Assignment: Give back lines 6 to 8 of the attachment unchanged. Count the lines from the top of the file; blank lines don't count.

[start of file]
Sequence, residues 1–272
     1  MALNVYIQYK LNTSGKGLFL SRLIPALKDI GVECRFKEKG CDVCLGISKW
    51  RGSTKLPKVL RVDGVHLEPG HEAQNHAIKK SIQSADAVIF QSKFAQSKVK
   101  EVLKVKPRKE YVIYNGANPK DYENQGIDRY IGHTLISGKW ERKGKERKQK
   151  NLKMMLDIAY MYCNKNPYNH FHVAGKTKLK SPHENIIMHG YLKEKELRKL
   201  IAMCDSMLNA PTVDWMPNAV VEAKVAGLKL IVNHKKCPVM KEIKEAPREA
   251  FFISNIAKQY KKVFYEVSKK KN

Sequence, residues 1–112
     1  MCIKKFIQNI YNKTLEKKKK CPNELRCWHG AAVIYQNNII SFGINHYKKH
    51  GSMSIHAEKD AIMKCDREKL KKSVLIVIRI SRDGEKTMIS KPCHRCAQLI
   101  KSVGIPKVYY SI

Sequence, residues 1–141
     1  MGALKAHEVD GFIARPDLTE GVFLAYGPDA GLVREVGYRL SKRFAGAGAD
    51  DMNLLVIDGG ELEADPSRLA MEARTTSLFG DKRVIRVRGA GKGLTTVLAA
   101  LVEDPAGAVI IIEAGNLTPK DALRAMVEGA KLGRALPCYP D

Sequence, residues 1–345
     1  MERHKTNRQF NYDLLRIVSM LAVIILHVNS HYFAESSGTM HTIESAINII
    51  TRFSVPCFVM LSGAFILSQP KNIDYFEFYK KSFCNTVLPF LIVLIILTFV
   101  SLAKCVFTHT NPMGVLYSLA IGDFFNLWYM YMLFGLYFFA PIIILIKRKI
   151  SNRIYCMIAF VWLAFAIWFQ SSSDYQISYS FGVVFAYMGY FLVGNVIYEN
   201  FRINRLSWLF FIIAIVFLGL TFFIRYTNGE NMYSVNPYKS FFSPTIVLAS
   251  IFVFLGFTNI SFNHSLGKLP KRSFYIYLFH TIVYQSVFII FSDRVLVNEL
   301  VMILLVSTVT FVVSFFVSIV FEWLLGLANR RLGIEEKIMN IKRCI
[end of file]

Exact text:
   201  IAMCDSMLNA PTVDWMPNAV VEAKVAGLKL IVNHKKCPVM KEIKEAPREA
   251  FFISNIAKQY KKVFYEVSKK KN

Sequence, residues 1–112